[We’re continuing our series on David Kelsey’s Eccentric Existence: A Theological Anthropology.]
For Kelsey, living faithfully before God in the quotidian is “dying life.” As finite beings, we are constantly poised on the edge of death, constantly dependent upon God, the source of life. As we respond faithfully to God in our context, we flourish. But, if we respond unfaithfully before God, “dying life” turns into “living death” (402).
The Nature of Evil
Kelsey makes a very helpful distinction here between “sin” and “evil.” For Kelsey, evil is anything that violates the integrity of God’s creatures:
Evil may be understood as a violation of creatures….It is a violation of what the violated ones are, either as instances of some natural kind or as individuals in their particularity. (403)
It is, therefore, anything that hinders the “well being” of God’s creatures and prevents them from being and doing everything that God created them to be and do. But, it’s important for Kelsey that evil does cause creatures to become any less creaturely. That is, we are still God’s creatures, possessing dignity and (potentially) serving to manifest his glory in the world. Thus, he critiques the Augustinian notion that sin should be understood as a “privation of being” because he thinks it suggests a diminution of our creaturehood. Instead, he argues that we should see evil as distortion rather than privation. (I’m not entirely certain that this is as different from the Augustinian notion as he suggests, but the distinction is still helpful.) And, since we remain God’s creatures, we retain our dignity and purpose despite the ravages of evil:
evil may be said to damage their well-being but not to damage their flourishing as God’s glory….Consequently, violation of their creaturely integrities in no way undercuts human cretures’ dignity and their inherent claim on their neighbors for unconditional respect. On the other hand, the fact that who they are and how they are able to be is also the glory of God becomes very ambiguous and obscure when they are violated by evil. (407)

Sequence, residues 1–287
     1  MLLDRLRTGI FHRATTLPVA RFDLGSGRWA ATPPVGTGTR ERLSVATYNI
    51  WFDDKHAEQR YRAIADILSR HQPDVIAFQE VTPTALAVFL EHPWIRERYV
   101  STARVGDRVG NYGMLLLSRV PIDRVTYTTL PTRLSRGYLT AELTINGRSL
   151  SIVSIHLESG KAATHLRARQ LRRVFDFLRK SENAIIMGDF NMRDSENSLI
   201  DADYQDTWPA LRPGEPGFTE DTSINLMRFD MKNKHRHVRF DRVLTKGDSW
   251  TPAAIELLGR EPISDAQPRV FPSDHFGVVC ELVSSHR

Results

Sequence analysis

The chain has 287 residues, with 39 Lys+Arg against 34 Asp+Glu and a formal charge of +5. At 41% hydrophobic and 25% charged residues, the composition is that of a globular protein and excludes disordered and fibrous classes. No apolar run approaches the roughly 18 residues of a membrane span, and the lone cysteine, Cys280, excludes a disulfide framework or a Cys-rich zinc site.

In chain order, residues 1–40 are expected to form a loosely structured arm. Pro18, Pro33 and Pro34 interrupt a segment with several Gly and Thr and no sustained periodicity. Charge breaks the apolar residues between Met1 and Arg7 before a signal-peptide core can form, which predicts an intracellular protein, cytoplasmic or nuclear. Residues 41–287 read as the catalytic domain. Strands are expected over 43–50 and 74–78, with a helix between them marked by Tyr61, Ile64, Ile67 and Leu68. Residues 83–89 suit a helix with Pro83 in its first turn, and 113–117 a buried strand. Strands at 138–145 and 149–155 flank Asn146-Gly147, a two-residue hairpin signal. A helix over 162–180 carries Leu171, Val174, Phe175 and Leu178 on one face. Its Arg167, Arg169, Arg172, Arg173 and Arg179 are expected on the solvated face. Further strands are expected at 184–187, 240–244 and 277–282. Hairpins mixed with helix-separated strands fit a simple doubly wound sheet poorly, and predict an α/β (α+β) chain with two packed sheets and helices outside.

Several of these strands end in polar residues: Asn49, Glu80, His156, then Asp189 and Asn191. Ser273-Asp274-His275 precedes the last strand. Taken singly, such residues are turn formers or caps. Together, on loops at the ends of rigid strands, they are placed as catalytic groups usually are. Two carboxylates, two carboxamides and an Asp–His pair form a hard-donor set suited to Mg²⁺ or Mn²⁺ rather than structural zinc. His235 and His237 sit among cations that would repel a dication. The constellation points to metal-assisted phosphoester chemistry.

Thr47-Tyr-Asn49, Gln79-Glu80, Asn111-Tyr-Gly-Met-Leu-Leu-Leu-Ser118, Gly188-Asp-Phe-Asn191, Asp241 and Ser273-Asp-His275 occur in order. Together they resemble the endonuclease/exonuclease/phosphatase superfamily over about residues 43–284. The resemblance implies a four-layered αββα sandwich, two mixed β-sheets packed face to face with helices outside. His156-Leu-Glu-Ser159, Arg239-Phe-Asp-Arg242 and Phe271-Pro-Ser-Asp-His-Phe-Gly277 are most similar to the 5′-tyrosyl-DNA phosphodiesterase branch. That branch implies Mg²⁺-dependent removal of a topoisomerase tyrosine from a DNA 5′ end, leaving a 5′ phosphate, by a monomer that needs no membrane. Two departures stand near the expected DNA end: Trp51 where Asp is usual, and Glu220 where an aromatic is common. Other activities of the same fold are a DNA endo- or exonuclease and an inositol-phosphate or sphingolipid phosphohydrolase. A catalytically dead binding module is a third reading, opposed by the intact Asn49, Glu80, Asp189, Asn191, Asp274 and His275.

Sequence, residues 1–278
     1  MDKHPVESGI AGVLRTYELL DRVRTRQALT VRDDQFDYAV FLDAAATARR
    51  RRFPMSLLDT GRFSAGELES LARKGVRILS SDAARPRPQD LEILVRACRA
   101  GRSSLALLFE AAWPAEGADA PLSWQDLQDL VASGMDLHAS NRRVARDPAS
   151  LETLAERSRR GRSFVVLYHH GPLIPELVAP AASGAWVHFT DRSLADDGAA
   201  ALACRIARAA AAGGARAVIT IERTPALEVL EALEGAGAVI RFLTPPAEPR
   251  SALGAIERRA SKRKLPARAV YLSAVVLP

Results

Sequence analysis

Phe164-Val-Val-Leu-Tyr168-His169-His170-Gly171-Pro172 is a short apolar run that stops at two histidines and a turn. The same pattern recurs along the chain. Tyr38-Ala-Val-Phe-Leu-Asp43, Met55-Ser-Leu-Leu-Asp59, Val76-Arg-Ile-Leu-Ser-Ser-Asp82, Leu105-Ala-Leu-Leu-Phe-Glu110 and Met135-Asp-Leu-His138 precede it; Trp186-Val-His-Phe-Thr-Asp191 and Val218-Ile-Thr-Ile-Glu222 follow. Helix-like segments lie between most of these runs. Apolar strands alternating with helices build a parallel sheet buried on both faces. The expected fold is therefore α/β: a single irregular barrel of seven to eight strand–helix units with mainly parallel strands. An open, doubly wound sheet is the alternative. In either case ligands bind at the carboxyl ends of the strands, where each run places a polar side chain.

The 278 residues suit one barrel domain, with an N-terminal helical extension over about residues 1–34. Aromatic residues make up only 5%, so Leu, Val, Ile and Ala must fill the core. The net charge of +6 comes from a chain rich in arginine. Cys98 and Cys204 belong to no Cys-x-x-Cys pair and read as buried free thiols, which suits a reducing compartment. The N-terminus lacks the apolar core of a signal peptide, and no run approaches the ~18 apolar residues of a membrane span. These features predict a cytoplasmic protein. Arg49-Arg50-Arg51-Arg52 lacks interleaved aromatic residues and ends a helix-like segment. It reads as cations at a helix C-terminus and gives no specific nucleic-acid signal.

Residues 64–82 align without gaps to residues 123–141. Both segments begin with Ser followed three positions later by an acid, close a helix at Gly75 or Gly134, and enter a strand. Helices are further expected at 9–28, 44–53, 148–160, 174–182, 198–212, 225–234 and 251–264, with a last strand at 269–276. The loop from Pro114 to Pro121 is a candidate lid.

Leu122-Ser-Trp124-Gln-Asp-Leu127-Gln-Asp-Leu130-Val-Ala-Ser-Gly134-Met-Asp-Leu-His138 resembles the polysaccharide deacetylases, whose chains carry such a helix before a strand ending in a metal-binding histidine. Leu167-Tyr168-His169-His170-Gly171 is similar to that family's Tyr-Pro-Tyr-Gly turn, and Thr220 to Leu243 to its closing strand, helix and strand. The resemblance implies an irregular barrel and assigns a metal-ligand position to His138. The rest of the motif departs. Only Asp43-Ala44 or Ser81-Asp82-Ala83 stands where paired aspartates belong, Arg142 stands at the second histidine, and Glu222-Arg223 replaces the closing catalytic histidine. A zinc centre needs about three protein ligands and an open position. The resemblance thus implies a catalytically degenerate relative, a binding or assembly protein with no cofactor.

And, Kelsey rightly points out that when our existence has been distorted by evil (either our own or others’) it often takes on a life of its own, resisting efforts at amelioration and spreading to those around us. So, the violated becomes violator and the death spiral continues.
The Nature of Sin
Sin, on the other hand, is best defined as “living foolishly in distorted faith” (408). Thus, “Sin is folly – that is, an inappropriate response to the triune God relating to us creatively” (408). Unlike evil, then, which primarily has to do with the impact that we have on our fellow creatures, sin is theocentric; it refers exclusively to our faith response to God.
In one of my favorite sections, Kelsey addresses the origin of sin in the world. He adopts the Kierkegaardian notion that “sin posits itself” and argues that we cannot “explain” why sin entered the world.
Every theological explanation of how sin entered creation either turns out to be circular, presupposing the very thing it sets out to explain, or explains it away by reclassifying it as another type of evil. (410)
Thus, the origin of sin is a “mystery.”
Sin is a type of negative mystery. It is not mystery in the sense of something in principle explicable but about which we present have insufficient information for an explanation. Nor is it mystery in the sense of something too richly complex for our finite minds to be able to grasp its rationale. Rather it is mystery in the sense of something undeniable real but a-rational, without cause or reason. (411)
The Origin of Sin